17. I do know what you're saying, and it is more likely to be damaging if you come into a lot of money quickly, but you still see the same trend in older individuals that win large amounts? But I've decided that the damage, for the older generation, is down to losing goals. You win a lot of money, pack the job in and lose direction - then spend a lot of the money trying to find something to fill the gap. Wasn't there a couple in their 60s who won about 13m and have given all of it away to either family or helping charities - said they had a great time, gave them lots of involvement and would do exactly the same thing again. Personally, if I had a large amount of money, I would be very, very, reluctant to leave it to a younger person for fear of causing more harm than good. But I still know a good few folk in their 40s and 50s that would get through it in no time!
  18. ... and not that I want to stray into pensions territory, but Munro, you seem to be saying that the people who paid money out of their wages, in good faith that a certain amount would be returned on retirement, are now gits for actually wanting/expecting that amount? It's their fault that the pension schemes are up the swanny. Is that right? They are also gits for gifting their paid-for properties to their children and it won't (in your case 2-300k) make a jot of difference to your life?
  19. One thing that does seem to keep cropping up is that posters parents are going to miss out the children regarding inheritance and leave it to grandchildren. So, even now, people who are dying in their 70s and 80s are leaving it to the younger first time buyer population? I don't know about money at a young age being a curse Porcia - as somebody said to me many years ago (in respect of two brothers) Give somebody 10k and they will invest it, give it to somebody else and they'll put it on a horse. (A situation that another poster mentioned!) What does interest me though is a general feeling through the threads that the money is of no importance? Is that playing down our good fortune (like the word or not it is good fortune) or a general attitude toward the value of money?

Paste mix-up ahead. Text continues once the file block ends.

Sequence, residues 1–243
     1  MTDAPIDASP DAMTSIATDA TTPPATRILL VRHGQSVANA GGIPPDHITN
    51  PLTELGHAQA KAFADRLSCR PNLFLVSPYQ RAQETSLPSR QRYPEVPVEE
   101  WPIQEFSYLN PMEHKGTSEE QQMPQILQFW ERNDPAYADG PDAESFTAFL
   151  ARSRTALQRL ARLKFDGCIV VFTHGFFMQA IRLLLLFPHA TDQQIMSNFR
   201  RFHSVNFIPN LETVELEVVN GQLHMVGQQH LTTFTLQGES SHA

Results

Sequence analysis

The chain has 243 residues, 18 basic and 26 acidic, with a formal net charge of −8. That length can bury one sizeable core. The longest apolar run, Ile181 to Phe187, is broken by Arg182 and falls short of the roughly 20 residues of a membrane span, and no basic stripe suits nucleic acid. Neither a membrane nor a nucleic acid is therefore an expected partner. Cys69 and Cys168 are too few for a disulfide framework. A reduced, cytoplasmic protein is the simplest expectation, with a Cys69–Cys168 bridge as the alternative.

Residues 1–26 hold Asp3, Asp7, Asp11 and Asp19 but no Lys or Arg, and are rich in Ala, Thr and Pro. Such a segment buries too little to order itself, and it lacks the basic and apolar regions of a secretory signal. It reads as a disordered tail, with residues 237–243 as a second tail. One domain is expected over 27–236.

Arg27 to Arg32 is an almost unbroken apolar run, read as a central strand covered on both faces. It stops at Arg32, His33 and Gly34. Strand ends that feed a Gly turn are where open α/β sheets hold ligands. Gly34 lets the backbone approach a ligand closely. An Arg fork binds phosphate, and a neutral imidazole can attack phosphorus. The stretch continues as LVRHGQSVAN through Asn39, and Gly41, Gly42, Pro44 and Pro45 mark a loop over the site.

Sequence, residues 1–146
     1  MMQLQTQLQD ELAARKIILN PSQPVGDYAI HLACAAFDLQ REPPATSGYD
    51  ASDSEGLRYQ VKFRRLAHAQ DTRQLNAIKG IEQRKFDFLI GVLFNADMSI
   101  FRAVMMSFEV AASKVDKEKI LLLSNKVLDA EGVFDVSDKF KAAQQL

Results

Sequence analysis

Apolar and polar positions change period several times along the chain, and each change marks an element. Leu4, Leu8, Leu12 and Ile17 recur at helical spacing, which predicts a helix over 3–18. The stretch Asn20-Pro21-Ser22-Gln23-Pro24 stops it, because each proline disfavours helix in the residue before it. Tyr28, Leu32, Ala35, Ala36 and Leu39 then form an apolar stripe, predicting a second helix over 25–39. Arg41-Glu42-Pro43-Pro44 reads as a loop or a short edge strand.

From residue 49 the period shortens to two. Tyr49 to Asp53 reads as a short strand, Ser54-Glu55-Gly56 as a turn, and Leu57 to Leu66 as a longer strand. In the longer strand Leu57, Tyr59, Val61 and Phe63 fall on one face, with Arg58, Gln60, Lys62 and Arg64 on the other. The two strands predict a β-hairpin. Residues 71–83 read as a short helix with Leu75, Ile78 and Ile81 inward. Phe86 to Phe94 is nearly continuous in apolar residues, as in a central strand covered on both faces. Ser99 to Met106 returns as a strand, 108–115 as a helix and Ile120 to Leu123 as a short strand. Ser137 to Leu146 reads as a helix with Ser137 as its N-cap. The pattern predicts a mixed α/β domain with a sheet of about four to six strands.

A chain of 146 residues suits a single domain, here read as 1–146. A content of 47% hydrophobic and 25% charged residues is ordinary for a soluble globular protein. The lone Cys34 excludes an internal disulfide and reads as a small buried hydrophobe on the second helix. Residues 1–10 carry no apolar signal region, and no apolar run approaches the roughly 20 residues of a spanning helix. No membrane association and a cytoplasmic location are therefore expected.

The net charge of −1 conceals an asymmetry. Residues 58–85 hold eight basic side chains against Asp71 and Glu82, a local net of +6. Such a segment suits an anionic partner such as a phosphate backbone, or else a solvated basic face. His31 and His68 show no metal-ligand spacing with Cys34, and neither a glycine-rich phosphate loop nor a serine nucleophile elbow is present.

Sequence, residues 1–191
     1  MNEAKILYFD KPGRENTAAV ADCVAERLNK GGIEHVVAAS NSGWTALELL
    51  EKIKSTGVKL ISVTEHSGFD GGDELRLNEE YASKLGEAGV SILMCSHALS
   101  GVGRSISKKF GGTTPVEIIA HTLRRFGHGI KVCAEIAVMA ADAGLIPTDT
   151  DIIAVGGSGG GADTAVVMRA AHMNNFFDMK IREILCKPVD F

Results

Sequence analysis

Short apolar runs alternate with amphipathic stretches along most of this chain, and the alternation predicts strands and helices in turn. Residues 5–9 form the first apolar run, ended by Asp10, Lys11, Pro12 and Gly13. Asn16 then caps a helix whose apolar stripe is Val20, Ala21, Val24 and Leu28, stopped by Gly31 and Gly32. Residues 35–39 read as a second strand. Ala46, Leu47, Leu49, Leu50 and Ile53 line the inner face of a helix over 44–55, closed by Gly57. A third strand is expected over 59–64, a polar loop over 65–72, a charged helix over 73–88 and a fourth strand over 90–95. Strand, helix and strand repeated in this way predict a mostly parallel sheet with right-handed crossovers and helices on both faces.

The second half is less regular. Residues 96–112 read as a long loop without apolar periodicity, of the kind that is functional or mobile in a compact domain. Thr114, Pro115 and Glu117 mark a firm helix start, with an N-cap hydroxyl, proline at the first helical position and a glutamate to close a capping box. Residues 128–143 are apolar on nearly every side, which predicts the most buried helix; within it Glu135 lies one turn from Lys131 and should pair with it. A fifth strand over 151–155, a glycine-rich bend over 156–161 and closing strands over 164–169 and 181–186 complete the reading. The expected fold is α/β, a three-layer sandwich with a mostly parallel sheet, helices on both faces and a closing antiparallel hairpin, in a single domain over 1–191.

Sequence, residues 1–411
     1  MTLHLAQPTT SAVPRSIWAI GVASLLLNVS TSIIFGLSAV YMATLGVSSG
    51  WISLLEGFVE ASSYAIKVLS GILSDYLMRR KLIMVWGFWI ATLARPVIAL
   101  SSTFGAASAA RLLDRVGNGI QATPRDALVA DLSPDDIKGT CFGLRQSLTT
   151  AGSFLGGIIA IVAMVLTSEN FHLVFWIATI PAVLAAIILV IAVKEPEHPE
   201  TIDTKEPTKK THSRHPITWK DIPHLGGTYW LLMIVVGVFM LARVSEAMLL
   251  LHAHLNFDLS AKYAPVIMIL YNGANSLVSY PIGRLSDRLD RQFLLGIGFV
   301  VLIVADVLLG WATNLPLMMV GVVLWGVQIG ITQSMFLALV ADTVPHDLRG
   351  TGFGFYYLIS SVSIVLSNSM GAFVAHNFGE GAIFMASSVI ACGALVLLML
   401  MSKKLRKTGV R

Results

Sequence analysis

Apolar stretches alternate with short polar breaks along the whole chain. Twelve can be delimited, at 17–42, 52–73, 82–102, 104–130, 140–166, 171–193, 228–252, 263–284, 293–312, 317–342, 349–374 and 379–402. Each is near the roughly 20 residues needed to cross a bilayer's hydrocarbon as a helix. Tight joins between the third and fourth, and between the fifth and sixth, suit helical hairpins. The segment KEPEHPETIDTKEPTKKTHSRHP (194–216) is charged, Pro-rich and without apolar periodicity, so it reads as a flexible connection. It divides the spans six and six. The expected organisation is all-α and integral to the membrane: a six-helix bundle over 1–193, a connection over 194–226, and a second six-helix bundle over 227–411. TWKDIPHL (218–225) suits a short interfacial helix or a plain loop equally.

20. In bold - no, it's never been mentioned - you made that bit up. The point I was making in reference to care homes is that it seems a lot of people seem to think their parents will end up in one and they will receive no inheritance. I don't think it looks as if you are bitter about paying for nursing care, not in the least. I do however think that people skirt the issue of inherting by saying their parents will probably end up needing it, hence the money will be used up. I, on the other hand, haven't had any relatives needing long term care - not of course that I'm saying it doesn't exist, it's a nightmare for those that need to use it for one reason or another, but it isn't as prevelant as many seem to think.
  21. ... and you think even using the word 'boomer' is not putting people into boxes? Do you actually know where the term derived and the age range it is supposed to cover? I think not. This thread was about the possible increase of people due to inherit property (if they hadn't already done so) and the possible effects on mind-set and the housing market. You've quite admirably tried to turn it around into a rant about pensions, and even though you will be inheriting (although we still haven't got a clue when because you're mother can be anything between 65 to 90) how hard done by you are. Go start your own thread.
  22. What do you intend to do with the house if you keep it? If it's sat empty then you will be paying council tax and still have to maintain it. Your siblings may want to consider renting and getting an income from it but that will still mean splitting any proceeds/hassle 3 ways. Will there be a long term market for rental in your area? Are you likely to get into rows with your siblings about it? Lots of things to consider before you make a move.
  23. Black frames for boys, pink frames for girls!!! As a child I prayed my eyesight wasn't going to fail!
  24. Somebody will be along with the exact figures but I think it's under 50k. Is it 35K Fact remains is, if it went under there wouldn't be enough in the government pot to pay everybody out - Santander is too big. I've seen the discussion on here before as to just how much is in the whole pot and its not really enough to support the deposits of one smaller institutions.